For many, the holidays can be a difficult time of year. I recently shared a one-minute testimony about how I’ve found peace after our family tragedy, and wanted to share it with you. I hope it blesses you.
Most days, most times, I do okay now. In fact, I can honestly say, I'm doing well. I have joy, and hope, and purpose in my life.
But right now, today, on the three-year milestone after we lost you, I'm putting aside the things that I use to keep me busy and sitting in the sadness, Levi.
One year closer to seeing you again. May I use the time I have until then to love well.
There is an old joke that goes, "How do you eat an elephant?"
"I don't know, how do you?"
"One bite at a time."
The not-so-hidden truth in here can be applied to so many things—projects, goals, ginormous meals. But today, I'm going to talk about how I have found this true when tackling emotional hardship.*
*No elephants were harmed in the making of this blog post.
For some people, the Christmas season is their most difficult grieving season of the year.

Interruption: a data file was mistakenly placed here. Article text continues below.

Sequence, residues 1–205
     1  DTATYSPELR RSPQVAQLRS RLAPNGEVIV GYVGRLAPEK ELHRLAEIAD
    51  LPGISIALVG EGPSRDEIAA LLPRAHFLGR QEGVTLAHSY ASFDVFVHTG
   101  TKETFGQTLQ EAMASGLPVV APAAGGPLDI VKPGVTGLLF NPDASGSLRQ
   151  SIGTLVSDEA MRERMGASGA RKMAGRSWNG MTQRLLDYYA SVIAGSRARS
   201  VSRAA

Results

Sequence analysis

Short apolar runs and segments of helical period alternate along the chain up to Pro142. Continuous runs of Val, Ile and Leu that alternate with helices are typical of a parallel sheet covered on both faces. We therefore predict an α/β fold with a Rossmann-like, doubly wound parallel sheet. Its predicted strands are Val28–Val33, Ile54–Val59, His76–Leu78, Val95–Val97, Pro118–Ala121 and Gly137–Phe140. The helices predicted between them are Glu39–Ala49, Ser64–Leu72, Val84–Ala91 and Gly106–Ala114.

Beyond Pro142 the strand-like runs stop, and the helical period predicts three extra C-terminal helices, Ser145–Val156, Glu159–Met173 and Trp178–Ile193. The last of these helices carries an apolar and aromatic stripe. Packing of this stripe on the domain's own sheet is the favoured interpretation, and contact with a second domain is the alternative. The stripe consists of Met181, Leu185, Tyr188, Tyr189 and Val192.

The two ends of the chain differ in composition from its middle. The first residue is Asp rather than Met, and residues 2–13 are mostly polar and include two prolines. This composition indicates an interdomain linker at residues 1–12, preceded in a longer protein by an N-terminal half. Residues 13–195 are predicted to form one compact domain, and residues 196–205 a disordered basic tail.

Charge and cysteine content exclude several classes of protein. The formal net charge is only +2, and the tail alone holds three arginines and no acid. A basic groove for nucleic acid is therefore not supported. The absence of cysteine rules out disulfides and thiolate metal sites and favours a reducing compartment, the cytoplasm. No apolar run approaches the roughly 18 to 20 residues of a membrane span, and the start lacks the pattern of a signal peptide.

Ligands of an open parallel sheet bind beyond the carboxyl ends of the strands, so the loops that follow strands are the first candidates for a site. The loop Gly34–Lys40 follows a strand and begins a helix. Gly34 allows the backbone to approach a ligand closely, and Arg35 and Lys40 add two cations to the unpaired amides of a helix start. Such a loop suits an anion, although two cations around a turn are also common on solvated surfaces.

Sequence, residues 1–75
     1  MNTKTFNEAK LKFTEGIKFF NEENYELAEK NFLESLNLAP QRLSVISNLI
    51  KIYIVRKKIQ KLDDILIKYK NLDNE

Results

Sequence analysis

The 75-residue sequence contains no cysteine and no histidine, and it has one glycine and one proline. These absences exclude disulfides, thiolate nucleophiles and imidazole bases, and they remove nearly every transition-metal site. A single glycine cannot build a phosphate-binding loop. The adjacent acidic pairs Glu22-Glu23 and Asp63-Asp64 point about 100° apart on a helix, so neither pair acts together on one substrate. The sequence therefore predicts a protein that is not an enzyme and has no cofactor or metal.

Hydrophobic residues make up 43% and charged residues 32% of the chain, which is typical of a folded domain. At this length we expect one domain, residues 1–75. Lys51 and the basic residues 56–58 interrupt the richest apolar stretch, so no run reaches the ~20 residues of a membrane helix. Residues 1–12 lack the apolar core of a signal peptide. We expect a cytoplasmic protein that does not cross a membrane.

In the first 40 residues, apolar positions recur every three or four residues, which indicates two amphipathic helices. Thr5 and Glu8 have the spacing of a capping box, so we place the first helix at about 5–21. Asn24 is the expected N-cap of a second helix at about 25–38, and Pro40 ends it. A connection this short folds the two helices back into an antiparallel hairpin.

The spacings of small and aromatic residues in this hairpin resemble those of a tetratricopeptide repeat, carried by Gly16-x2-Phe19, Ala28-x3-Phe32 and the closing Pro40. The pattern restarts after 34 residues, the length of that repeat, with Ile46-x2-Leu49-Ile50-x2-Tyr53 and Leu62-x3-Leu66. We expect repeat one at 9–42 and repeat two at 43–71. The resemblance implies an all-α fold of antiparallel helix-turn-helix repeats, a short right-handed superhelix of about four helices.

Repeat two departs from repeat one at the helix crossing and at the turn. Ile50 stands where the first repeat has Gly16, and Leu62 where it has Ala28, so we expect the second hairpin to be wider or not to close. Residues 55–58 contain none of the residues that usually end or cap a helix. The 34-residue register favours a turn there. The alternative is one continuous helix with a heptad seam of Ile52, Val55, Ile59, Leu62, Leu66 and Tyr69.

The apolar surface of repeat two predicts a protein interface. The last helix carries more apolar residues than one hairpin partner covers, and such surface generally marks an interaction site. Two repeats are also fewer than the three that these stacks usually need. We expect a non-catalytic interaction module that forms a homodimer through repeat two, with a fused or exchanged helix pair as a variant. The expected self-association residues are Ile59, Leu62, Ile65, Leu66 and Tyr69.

Not me. With the passing of Noah's birthday on February 26, I have been descending pell-mell down the slope of anniversaries that bring up bittersweet memories of Levi.
Apparently, getting puppies is how I deal.
On Sunday afternoon, I had the privilege of being interviewed on Facebook by author Joy Norstrom, one of the authors with whom I am co-hosting the Inspiring Women event at Audreys Books in Edmonton on Thursday. (The other is P.D. Workman.) For posterity's sake, and in case you missed it, I am copying the interview here.
Two years later, we are still completely humbled when we consider the massive wave of support we received when Levi died. I am convinced that the support of our community through that first difficult year had a good deal to do with the progress we made in our healing. Yes, the work of grief must be done on an individual basis. But knowing that we were never alone had a significant impact on how brave we were in approaching that work.
A day at a time, the log jam is loosening and the ideas are flowing. The sun is coming back, energy is returning, and I am pulling myself blinking from the retreat of hibernation. For my own mental and emotional health, this year needs to be less about driving myself and more about reducing commitments, taking care of myself, and finding my passion again. It needs to be about healing.